"Do you know of any country in the Middle East that has nuclear weapons?"
The second of Helen Thomas's questions to President Obama was clearly leading: she wasn't asking about Iran's prospective nukes, but more to the point, about Israel's possession of nukes.
His answer was intriguing:
"I don't want to speculate..." - In other words, everyone has known for years that Israel is in the nuclear club, but it remains officially unrecognized and undiplomatic to discuss. He continues:
"If we see a nuclear arms race in a region as volatile as the Middle East, everybody will be in danger..." He then says he wants to prevent nuclear proliferation "generally," which would suggest, for everyone, and states his desire that the United States, "in concert with Russia," will lead the way in reducing nuclear weapons and thus give us the "standing" from which to persuade others to honor non-proliferation treaties.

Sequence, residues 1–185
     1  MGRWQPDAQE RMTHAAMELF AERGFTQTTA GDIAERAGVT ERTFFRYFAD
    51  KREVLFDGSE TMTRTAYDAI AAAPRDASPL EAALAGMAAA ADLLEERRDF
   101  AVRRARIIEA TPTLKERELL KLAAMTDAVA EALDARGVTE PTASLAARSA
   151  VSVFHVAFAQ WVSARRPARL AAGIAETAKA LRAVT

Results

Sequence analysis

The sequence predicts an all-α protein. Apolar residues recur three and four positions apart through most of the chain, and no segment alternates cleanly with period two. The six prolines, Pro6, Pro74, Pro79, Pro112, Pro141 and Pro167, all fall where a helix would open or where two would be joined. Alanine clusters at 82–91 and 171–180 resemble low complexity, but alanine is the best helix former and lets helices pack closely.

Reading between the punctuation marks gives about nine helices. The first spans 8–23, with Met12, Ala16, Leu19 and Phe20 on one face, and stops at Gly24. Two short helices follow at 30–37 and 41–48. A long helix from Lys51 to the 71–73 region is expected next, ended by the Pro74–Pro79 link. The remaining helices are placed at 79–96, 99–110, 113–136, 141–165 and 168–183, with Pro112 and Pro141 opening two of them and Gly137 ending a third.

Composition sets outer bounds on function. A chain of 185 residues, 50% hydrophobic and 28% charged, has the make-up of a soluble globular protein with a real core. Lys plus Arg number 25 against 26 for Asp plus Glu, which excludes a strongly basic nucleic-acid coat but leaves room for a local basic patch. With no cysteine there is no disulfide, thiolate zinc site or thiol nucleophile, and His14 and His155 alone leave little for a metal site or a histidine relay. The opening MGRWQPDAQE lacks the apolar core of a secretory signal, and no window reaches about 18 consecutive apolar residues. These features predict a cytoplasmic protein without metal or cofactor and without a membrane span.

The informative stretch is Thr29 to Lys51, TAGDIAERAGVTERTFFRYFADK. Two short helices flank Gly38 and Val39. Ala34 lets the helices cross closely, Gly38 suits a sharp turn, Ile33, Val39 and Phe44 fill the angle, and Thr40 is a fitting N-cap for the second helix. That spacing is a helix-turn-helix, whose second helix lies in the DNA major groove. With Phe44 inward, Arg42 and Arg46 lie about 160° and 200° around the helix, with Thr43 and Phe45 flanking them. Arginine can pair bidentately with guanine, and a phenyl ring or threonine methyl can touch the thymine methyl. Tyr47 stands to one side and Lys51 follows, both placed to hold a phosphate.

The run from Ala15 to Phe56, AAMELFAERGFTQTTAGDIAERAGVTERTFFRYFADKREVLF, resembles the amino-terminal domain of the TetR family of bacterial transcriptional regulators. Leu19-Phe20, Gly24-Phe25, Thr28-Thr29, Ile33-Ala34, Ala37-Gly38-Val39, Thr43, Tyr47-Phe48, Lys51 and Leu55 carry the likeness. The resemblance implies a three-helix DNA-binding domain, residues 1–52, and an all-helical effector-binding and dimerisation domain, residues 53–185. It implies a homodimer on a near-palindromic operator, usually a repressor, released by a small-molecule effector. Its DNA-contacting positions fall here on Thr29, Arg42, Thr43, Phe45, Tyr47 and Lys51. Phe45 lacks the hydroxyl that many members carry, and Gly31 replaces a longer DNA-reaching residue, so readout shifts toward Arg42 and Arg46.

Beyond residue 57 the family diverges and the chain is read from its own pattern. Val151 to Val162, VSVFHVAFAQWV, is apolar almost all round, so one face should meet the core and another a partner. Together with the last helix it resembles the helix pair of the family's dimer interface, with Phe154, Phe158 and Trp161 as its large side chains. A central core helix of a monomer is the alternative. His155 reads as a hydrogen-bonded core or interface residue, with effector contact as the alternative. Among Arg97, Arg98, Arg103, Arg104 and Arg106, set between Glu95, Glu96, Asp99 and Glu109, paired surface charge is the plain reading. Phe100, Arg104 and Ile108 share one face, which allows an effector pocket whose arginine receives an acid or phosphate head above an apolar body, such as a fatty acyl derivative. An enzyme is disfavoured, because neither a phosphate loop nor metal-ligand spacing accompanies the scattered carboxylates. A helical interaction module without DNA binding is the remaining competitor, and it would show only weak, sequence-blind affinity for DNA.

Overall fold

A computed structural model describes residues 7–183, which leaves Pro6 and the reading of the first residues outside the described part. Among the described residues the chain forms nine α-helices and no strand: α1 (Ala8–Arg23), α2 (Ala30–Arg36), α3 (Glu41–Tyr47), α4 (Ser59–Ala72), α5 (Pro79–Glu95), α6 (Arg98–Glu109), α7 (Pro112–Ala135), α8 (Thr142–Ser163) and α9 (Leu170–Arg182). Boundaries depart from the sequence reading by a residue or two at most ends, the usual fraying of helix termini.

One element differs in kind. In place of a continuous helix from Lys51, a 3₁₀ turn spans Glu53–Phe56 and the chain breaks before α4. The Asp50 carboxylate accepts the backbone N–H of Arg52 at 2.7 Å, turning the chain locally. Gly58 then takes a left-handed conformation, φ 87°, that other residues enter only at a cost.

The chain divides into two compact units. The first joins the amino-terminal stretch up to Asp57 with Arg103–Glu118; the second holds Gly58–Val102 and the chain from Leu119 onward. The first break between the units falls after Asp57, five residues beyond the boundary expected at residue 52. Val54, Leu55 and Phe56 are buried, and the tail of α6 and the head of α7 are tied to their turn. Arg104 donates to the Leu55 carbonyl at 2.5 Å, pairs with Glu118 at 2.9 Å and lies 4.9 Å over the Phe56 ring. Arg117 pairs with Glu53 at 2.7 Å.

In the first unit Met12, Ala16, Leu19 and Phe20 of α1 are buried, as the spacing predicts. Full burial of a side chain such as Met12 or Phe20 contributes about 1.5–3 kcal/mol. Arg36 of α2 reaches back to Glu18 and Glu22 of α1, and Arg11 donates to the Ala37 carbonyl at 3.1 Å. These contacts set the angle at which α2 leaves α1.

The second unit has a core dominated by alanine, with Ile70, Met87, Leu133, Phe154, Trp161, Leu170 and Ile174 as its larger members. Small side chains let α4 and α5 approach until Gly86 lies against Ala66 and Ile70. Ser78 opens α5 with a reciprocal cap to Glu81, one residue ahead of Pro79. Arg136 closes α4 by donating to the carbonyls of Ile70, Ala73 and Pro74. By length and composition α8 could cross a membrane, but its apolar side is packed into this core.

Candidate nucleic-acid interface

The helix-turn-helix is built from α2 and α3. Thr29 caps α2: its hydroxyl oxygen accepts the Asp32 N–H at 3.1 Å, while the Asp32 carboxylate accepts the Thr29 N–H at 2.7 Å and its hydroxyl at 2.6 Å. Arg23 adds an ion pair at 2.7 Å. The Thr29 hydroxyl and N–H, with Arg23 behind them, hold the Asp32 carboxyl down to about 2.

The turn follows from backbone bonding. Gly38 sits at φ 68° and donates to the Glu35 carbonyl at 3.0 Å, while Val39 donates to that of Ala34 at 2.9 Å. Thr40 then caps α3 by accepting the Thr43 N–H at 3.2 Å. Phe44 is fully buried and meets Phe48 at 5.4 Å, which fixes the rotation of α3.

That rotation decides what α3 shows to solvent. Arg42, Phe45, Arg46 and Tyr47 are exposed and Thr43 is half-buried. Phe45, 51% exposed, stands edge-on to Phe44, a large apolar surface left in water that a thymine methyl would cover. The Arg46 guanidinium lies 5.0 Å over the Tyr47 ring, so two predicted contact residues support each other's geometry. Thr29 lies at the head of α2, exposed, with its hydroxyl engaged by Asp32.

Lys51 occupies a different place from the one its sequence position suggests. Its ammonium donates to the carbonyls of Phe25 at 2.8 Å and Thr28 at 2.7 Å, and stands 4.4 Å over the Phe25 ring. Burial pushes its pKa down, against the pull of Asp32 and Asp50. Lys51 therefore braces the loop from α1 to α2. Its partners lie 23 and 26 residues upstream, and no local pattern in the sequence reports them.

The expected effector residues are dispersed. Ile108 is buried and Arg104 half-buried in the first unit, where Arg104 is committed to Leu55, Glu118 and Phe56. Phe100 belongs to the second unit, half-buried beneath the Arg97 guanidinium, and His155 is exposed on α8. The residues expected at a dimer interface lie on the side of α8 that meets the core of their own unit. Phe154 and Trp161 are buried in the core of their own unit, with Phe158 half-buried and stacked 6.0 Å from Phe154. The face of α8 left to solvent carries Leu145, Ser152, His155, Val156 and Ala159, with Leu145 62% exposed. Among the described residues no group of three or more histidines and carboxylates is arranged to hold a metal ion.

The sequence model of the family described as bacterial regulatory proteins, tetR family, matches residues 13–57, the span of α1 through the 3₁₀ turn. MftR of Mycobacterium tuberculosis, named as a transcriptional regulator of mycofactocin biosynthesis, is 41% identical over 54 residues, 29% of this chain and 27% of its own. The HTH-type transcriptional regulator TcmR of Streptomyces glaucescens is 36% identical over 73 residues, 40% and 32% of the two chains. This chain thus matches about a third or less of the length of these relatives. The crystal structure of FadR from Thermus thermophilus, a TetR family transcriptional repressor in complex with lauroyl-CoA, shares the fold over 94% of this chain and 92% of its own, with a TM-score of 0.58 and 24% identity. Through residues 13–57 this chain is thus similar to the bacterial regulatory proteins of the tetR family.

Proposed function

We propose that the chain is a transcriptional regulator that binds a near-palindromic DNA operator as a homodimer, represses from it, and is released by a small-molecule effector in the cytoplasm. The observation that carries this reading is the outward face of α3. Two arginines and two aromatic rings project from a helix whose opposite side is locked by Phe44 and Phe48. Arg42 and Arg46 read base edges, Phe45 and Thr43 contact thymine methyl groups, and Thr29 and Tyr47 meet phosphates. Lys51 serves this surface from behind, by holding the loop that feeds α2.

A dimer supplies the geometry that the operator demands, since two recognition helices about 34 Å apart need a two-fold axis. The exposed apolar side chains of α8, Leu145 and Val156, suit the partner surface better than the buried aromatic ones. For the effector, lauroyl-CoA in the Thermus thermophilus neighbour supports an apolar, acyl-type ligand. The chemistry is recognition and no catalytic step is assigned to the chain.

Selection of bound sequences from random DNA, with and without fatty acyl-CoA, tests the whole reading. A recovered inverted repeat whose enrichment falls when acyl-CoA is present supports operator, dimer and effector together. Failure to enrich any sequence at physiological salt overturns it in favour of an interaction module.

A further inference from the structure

He then cuts Helen off when she tries to re-ask the question, which of course he skirted. But his answer was perhaps more radical than a direct answer would have been. A nuclear arms race is underway in the Middle East: Israel has them, Iran is trying to get them; in the past Iraq, Libya and perhaps Syria have pursued them. Even if Iran stands down for now, surely in the future other countries will try to get them, so long as Israel has nukes. So the strategy of setting an example with Russia has one ultimate aim (among others) of getting Israel to give up its nukes, leaving other nations in the region with little reason to pursue them.
Why has Israel refused to sign the Nuclear Non-Proliferation Treaty?